The reductions in allowable water take during dry periods is the reason Council has invested in water storage (reservoirs and impounded supplies) in recent years.  This storage is like insurance to help avoid severe water restrictions across the district.

An example of how important water storage is comes from last summer in Woodville.  Without the outstanding effort of the Woodville community to conserve water, combined with the new storage, Woodville almost certainly would have had the most severe level of water restrictions imposed – emergency use only.

What are the water restriction levels?

 Facebook Post - Water Restrictions.jpg

Get ready – No restrictions are enforced, however educational material on water conservation is shared though Councils channels.

Alternate Day – Outdoor water use is restricted to alternate days. Odd numbered days for odd numbered houses and vice versa.

Alternate Evening – Hand-held hoses are only allowed on alternate days between 7pm and 9pm.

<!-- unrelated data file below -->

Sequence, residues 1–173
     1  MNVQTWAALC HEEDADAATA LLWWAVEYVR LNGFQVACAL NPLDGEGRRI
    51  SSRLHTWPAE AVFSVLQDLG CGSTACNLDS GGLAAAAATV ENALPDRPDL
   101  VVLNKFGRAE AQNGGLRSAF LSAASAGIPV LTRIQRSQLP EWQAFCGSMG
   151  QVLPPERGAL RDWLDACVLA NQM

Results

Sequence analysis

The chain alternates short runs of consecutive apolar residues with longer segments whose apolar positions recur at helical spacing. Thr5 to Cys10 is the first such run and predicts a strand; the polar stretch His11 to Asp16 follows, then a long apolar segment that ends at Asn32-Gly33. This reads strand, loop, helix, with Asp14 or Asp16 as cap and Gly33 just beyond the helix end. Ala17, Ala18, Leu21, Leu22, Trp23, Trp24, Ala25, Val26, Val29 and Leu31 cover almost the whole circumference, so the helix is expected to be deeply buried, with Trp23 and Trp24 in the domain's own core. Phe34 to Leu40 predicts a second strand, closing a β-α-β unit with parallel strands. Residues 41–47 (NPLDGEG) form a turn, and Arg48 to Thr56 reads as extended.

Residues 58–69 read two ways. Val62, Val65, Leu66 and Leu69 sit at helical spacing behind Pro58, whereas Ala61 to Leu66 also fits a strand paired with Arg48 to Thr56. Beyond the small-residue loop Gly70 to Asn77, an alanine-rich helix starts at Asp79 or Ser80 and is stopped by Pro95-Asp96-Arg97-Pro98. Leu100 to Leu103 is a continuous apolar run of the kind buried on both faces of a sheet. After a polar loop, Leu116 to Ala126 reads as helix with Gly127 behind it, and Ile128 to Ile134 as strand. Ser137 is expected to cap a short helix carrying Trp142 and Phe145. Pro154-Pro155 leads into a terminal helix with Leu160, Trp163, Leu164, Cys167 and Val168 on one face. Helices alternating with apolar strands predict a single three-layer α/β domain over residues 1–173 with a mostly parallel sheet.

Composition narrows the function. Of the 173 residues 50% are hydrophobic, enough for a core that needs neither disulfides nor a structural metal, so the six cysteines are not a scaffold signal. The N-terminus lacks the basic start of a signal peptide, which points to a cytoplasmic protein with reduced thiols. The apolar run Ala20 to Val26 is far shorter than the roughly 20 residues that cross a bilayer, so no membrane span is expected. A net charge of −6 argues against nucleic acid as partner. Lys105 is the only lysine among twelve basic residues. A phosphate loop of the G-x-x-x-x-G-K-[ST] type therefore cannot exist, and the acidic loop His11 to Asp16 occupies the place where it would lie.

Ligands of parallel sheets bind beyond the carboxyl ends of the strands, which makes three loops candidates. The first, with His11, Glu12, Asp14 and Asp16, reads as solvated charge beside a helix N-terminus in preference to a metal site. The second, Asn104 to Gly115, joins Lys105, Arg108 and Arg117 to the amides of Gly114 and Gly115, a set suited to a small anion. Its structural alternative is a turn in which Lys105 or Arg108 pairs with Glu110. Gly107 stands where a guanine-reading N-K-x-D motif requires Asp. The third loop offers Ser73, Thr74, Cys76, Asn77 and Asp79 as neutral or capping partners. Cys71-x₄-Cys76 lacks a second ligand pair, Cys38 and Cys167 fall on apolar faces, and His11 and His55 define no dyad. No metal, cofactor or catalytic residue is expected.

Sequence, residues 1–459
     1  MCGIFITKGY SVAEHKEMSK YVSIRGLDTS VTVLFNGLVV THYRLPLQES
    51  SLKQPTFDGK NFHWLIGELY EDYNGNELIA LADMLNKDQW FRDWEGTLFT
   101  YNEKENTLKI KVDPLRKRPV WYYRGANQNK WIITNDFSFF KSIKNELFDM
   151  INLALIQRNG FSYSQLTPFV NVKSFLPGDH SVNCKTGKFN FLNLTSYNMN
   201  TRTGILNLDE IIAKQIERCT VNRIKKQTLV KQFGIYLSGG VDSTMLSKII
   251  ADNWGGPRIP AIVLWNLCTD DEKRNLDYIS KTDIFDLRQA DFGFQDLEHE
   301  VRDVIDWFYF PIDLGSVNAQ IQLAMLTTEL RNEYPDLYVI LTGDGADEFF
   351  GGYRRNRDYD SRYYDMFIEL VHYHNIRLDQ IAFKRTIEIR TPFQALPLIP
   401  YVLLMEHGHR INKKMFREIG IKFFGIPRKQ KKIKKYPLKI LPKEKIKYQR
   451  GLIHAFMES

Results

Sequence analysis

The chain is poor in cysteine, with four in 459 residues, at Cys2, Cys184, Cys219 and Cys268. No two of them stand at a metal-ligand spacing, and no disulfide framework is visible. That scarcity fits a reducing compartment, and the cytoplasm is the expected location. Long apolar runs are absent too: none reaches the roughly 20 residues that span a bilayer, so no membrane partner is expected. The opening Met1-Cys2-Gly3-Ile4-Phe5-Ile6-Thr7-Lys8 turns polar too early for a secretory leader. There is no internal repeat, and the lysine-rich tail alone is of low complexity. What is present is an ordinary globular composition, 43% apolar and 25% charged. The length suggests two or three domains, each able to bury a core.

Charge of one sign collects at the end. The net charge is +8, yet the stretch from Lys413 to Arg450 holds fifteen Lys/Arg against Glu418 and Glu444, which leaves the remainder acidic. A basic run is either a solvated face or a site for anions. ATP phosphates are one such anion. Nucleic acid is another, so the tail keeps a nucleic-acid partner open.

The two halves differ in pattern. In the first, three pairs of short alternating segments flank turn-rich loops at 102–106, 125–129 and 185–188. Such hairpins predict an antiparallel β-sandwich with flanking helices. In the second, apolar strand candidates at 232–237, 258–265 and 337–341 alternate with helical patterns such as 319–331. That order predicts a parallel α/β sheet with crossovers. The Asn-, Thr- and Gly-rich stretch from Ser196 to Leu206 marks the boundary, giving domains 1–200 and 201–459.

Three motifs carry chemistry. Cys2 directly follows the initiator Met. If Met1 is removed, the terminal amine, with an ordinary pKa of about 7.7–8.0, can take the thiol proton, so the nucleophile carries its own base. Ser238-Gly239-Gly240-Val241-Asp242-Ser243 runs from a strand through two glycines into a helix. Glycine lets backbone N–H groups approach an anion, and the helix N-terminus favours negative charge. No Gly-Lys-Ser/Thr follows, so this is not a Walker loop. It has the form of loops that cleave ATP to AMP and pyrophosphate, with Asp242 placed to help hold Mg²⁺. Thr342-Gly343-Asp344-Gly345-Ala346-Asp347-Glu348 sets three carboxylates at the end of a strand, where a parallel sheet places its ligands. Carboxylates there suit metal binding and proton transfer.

Total Outdoor Ban – No outdoor use. All irrigation systems, hoses and sprinklers are banned.

Essential Use Only – Household water is to be used for drinking, cooking and personal hygiene ONLY. (This is subject to the nature and extent of the emergency).

New Water Restriction Signage

As part of reviewing the water shortages of last summer, Council has implemented new water restriction levels and will shortly be installing new signage to let our communities know current restriction levels. 

Council will also keep water restriction levels current on it’s website and notify changes on Facebook. 

While we all hope we don’t experience the same conditions as last summer, Council is taking the prudent approach of commencing low level water restrictions early to try to avoid more severe impacts later in summer. 

If we all play our part in conserving water and following the water restriction levels we are confident the severest of water restrictions can be avoided again this year.